Outing not reason for McGreevey resignation

September 3, 2004 • 0
Three weeks ago Governor James McGreevey of New Jersey announced that he was gay, that he had engaged in an extramarital affair with another man, and that he would resign his post as governor on Nov. 15 of this year. For the majority of McGreevey’s six-minute speech, he described the difficult personal journey that had »

Democracy needs basic ingredients in Iraq

April 16, 2004 • 0
In the eternal words of the American Declaration of Independence: “We hold these truths to be self-evident, that all men are created equal, that they are endowed by their Creator with certain unalienable Rights, that among these are Life, Liberty and the pursuit of Happiness. — That to secure these rights, Governments are instituted among »

FCC should limit entertainment, not speech

April 2, 2004 • 0
The Federal Communications Commission, spurred by the shocking “wardrobe malfunction” exposing Janet Jackson’s breast during this year’s Super Bowl, has handed down several rulings tightening restrictions on the media. On March 18 the FCC reversed a previous ruling absolving NBC of responsibility for a vulgarity used by U2 lead singer Bono during last year’s Golden »

Kerry’s universal college policy is unrealistic

March 5, 2004 • 0
One of the central issues in this year’s presidential election is education and opportunity. John Kerry, the now all-but-certain Democratic nominee, insists on the need for equality of opportunity for all Americans. According to his campaign Web site, “every student should have the opportunity to prepare for, pay for, and complete four years of college. »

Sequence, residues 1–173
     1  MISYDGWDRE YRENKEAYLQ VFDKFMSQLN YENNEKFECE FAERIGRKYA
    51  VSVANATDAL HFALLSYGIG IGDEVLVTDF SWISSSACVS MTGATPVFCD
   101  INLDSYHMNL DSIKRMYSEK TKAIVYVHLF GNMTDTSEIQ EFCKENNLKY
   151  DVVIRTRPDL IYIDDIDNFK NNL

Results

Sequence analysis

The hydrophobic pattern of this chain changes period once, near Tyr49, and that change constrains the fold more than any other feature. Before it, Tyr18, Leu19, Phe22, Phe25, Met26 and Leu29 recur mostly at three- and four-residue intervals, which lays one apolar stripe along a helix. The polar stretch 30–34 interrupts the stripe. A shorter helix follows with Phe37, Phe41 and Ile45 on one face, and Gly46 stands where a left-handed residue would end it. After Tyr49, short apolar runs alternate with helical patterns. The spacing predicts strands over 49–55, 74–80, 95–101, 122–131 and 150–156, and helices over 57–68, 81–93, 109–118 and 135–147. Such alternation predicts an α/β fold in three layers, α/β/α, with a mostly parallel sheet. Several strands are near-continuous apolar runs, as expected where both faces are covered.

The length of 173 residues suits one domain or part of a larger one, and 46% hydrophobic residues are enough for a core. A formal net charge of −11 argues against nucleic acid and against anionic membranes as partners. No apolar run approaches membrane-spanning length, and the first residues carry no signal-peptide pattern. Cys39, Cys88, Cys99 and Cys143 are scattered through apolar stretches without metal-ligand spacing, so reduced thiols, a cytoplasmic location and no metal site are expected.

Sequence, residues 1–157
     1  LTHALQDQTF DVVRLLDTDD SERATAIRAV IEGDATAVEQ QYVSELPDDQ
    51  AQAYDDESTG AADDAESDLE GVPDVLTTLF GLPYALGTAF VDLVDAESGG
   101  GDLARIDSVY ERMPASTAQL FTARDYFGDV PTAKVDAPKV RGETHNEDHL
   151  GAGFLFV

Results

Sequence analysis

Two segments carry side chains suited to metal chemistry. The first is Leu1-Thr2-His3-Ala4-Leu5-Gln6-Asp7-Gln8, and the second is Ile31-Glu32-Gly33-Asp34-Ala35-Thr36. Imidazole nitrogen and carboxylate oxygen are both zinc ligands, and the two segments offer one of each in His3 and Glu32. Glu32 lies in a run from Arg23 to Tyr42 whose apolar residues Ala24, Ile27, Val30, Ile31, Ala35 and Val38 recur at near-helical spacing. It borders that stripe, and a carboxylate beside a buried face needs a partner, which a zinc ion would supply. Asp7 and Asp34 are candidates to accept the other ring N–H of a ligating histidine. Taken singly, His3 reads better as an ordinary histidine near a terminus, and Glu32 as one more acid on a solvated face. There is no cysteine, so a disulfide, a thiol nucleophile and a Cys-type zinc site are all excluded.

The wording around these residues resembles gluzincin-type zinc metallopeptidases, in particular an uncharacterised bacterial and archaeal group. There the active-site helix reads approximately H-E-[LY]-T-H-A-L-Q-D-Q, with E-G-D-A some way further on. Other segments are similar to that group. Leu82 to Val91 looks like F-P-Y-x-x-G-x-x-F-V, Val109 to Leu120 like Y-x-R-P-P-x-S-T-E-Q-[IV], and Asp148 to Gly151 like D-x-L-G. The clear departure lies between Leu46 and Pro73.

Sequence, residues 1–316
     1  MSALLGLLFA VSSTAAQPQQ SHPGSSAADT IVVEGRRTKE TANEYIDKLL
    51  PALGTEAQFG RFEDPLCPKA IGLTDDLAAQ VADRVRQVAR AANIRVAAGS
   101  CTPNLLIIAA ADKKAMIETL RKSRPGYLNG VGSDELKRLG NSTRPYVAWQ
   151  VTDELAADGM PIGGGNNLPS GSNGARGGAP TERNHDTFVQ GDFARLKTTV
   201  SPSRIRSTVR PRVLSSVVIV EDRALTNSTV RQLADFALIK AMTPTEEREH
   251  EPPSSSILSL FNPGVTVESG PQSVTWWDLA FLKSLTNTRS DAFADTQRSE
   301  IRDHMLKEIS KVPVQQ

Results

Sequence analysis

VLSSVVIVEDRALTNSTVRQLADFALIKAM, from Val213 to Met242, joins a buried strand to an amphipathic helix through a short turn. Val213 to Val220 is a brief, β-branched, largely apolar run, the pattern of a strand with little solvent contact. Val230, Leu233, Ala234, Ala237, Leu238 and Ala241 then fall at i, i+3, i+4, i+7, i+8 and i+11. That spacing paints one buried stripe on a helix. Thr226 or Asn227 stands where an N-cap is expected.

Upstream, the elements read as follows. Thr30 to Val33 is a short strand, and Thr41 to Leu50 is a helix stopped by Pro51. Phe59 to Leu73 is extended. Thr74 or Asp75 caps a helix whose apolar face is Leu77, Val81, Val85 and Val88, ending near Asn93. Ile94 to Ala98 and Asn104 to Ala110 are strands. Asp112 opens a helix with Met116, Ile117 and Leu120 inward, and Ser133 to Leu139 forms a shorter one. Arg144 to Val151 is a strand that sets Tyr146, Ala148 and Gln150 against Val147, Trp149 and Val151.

Is college worth its growing price tag?

February 20, 2004 • 0
Last Thursday, President Levin announced that the term bill for the 2004-05 academic year would increase by five percent, from $37,000 to $38,850. Multiply this new tuition payment by four and you’ll find that over 155 thousand dollars will migrate from your parents’ pockets to Yale’s budget during your college career (or a lesser –yet »

Martha Stewart is a criminal, not role model

February 6, 2004 • 1
In her Tuesday column (“Martha Stewart does not deserve our derision,” 2/3), Helen Vera argues that the prosecution of Martha Stewart on charges stemming from Stewart’s alleged insider trading of ImClone stock is “more for the sake of putting Martha Stewart on trial than for the sake of the eternal preservation of truth and justice.” »

Religion has role for the good of modern masses

January 22, 2004 • 0
The beginning of a semester is often a time for reflection, a chance to think about the purposes and priorities of a college education. Why is it that we spend four years at this University, and for what future is our education intended to prepare us? Fortunately, the Report on Yale College Education offers an »

World is not ready for ‘open borders’

November 14, 2003 • 0
In his Oct. 31 speech at Woolsey Hall, former President Bill Clinton expressed his support for international trade, insisting, “America has greater obligations to open up borders and to invest more in development in poor countries.” While terms like “open borders” and “development in poor countries” sound inviting, there is a darker side to utopian »

High-profile acquittals hurt system

October 27, 2003 • 0
Our judicial system needs more respect. Like it or not, in the United States many criminals believe that they can commit crimes and get away with them. They believe that they can effectively argue their innocence at trial, even if they are, in fact, guilty. Where did they get this idea? Though our judicial system »

Take Pico’s advice: Pick a fight in section

February 21, 2002 • 0
Giovanni Pico Della Mirandola was the quintessential Renaissance humanist. By the age of 24, he had mastered Greek, Hebrew, Latin and Arabic, reading all the great works of these literary traditions. In the year 1486, Pico summoned the noteworthy scholars of his time to Rome for a public debate of 986 theses on philosophy, theology, »